Galaxy S9 flop - what went wrong and what's next for Samsung?99+
Granted, the market as a whole is stagnating, and you could hardly call the iPhone X a runaway hit. Then again, considering the swift growth of companies like Huawei, Xiaomi, and Oppo, including in the Western high-end segment, simply blaming an OEM’s rut on the industry “climate”, trends, or longer upgrade cycles feels lazy.
How bad are things?
The short answer is not too bad. Not yet, and definitely not compared to other veterans, past leaders, and innovators. HTC’s smartphone division is practically dead and buried, Sony’s not doing too well either, while BlackBerry and Nokia are slowly coming back from the dead… in name only.
As far as the Galaxy S9 is concerned, unofficial estimates put shipment figures at around 10 million units for the year’s first quarter, and an extra 9 mln or so during the April – June 2018 quarter. If analysts are correct, Samsung could still add 12 million or so unit shipments this year on top of the current 19 million tally, ending up with over 30 mln by the time the S10 drops.
Once again, that’s a pretty solid figure. Sony, for instance, sold less than 15 million smartphones worldwide last year. HTC’s numbers are too laughable to even discuss. Huawei, which is clearly emerging as Samsung and Apple’s biggest threat, boasted 6 million P20/P20 Pro shipments last month, previously setting a target of around 10 mln in total.
Basically, the GS9 and S9+ are the most popular Android handsets in the world (by a landslide), although they can’t compare to the iPhone X, 8 and Plus. And that’s just one side of the problem. The other, more vexing concern has to be the negative trend of the Galaxy S family.
A short history lesson
Anyone here remember the Galaxy S3 (or rather the Galaxy S III)? Released in 2012, the Android Ice Cream Sandwich-based 4.8-incher looked nothing like its 4.3-inch predecessor, racking up a massive grand total of 50 million unit shipments. Back then, there was no second model to help either, and the following year’s Galaxy S4 did great business as well, reportedly hitting 40 million unit sales.
Things started (slowly) going downhill in 2014, although 2016’s Galaxy S7 and S7 Edge scored an estimated combined tally of 55 million units. It may feel weird that the radically redesigned Galaxy S8 and S8+ failed to connect at the same level as their forerunners, but perhaps the timing wasn’t right for the “Infinity Display” revolution.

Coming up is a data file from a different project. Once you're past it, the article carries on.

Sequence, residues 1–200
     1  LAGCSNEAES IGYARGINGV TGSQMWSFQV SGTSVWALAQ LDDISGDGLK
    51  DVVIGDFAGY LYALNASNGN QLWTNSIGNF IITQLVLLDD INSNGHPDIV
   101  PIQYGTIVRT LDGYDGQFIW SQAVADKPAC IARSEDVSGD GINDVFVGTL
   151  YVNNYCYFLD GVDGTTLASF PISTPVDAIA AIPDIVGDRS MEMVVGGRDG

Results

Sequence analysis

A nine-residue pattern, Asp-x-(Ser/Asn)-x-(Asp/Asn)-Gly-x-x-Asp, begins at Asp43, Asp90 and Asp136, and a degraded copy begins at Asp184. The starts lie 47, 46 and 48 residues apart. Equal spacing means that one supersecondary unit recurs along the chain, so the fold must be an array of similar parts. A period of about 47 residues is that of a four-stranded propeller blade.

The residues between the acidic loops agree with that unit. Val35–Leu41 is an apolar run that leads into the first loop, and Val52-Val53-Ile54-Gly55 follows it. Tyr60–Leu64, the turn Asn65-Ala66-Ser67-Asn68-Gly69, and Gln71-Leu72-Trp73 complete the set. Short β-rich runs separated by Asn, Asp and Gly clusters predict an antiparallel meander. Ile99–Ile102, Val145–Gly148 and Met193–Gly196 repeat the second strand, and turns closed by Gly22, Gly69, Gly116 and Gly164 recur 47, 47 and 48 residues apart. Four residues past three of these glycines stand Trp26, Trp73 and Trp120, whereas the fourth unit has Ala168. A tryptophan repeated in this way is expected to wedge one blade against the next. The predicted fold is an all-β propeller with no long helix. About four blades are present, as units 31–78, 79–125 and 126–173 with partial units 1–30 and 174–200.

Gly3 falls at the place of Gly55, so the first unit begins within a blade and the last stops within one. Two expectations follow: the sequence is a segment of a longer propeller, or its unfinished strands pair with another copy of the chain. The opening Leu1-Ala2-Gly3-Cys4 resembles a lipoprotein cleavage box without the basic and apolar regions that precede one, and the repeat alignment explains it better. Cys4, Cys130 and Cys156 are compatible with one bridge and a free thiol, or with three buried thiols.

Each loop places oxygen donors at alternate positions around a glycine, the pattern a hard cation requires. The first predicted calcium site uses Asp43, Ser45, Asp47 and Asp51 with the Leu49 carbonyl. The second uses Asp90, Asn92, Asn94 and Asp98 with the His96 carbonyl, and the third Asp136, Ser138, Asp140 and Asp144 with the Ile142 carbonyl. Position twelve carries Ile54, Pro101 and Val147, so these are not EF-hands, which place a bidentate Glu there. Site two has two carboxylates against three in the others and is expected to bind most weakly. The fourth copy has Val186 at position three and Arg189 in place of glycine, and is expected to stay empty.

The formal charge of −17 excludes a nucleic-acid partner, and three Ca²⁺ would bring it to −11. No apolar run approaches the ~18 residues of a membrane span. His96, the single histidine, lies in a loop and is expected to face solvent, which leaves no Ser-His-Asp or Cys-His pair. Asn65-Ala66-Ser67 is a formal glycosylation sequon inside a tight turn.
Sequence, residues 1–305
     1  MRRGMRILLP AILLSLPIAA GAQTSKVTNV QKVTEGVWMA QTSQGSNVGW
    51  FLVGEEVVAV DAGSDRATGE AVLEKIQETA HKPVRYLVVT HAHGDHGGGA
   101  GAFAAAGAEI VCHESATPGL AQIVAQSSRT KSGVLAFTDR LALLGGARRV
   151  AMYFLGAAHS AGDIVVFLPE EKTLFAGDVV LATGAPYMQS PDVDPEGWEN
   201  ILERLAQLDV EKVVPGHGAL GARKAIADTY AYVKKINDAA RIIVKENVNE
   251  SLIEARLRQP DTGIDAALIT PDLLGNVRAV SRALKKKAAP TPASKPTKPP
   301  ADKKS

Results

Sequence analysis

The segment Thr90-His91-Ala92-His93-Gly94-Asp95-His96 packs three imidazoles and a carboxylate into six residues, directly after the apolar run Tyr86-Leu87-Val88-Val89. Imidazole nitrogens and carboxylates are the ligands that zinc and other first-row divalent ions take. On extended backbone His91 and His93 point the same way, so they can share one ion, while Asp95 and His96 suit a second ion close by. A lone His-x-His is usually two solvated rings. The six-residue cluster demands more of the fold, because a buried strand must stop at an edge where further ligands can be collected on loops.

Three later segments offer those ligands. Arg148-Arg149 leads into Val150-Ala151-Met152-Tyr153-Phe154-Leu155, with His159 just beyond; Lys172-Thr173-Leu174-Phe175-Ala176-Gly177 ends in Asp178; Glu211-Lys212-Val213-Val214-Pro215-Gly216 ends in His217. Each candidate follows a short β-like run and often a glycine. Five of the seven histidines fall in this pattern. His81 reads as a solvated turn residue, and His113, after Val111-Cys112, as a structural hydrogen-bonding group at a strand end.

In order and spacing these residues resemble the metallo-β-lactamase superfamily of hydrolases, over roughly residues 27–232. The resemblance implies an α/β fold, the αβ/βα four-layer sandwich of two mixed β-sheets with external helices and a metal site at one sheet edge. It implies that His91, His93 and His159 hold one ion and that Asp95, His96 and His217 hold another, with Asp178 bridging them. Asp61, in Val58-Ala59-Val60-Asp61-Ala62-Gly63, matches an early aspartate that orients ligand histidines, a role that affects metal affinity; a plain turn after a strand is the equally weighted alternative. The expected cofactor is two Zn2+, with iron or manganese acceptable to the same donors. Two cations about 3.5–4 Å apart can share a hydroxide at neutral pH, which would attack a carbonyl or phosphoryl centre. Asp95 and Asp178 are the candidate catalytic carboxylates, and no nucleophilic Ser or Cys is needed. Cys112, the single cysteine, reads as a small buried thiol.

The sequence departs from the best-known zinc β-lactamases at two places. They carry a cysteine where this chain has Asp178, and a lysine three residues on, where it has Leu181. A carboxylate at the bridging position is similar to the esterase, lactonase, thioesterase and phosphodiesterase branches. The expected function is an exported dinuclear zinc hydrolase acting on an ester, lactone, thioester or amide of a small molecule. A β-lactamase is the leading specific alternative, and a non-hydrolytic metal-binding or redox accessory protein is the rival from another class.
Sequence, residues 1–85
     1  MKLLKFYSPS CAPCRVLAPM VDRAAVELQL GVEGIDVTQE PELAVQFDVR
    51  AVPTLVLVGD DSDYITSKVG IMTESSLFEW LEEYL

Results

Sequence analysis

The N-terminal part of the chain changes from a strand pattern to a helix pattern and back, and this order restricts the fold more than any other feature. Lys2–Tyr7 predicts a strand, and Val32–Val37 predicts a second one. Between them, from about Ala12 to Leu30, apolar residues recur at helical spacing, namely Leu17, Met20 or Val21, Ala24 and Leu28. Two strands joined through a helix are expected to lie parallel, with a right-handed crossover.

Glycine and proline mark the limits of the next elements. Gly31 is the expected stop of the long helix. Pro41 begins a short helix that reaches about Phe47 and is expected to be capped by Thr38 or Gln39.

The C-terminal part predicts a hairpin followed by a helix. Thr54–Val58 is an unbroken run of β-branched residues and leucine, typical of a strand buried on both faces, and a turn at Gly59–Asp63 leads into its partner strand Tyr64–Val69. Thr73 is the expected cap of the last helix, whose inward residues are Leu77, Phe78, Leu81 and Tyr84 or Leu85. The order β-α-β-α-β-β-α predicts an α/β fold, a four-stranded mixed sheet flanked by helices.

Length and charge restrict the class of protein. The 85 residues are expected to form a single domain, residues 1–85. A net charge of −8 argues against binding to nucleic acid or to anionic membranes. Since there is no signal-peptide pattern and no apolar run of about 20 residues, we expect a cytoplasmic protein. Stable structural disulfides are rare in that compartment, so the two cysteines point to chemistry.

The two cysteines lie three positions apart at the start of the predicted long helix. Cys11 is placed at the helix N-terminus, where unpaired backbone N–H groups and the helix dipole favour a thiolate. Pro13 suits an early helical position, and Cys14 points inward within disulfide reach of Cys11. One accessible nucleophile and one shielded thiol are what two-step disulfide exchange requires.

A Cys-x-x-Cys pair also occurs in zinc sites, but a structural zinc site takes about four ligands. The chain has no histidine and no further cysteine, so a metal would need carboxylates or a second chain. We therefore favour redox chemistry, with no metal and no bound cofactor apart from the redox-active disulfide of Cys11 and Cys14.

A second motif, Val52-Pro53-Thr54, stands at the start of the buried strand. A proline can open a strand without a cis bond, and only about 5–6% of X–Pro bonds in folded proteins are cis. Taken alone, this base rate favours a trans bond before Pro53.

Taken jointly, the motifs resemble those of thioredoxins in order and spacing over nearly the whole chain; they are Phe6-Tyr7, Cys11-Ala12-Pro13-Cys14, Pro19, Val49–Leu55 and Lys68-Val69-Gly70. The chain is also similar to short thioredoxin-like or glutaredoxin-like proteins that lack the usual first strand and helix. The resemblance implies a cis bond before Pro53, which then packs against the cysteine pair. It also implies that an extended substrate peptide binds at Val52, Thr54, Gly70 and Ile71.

Since the S8 didn’t exactly set the world on fire, it must have crossed the minds of some Samsung executives that the largely iterative Galaxy S9 would suffer the same fate. Or an even worse one. But that’s the problem with traditional upgrade schedules and “routine” releases. You have to do them, whether you actually have something to upgrade or not.
Don’t get me wrong, the S9 and especially the S9+ are great phones. But what exactly about them could have made a GS8 or even S7 owner instantly want them? And I mean desire them so badly that they would ignore the sky-high prices, unimpressive battery life, and impressive competition?
The point is the Galaxy S9 was probably doomed from the get-go. Ever since Samsung failed (again) to implement in-display fingerprint recognition technology, it should have become obvious for the company that there was nothing truly compelling about its latest flagship product.
The Dual Aperture cameras are phenomenal, but the Huawei P20 Pro has three phenomenal shooters. Everyone’s doing the Infinity Display dance, Bixby is a fiasco (cancel it already!), and clearly, there was plenty of room for a larger battery. If Samsung keeps going down this road, withholding features and key upgrades for no real reason (apart from releasing two flagships a year), this hole the company is entering will get bigger and bigger until it eventually swallows the chaebol whole.
BUT the good news is all those Galaxy S7 holdouts are likely to want something else soon. Something bigger, better, fresher, and “celebratorier.” Unfortunately for Samsung, the company may not have a fanbase as devoted as Apple yet.
In other words, assuming there are 10 or 15 million people in the world still owning a GS7 or S7 Edge, no one can guarantee they’ll instantly switch to the Galaxy S10 when they get the chance. Some of them could go with a five-camera Huawei P30 instead. Or perhaps one of those eccentric bezelless devices from Oppo or Vivo. Or even the iPhone X Plus. It all depends on how bitterly these folks have been disappointed by the Galaxy S9. And of course, how great the S10 will be. You can still turn this around, Samsung, but any additional misstep could badly hurt your prospects of dominating the mobile world going forward.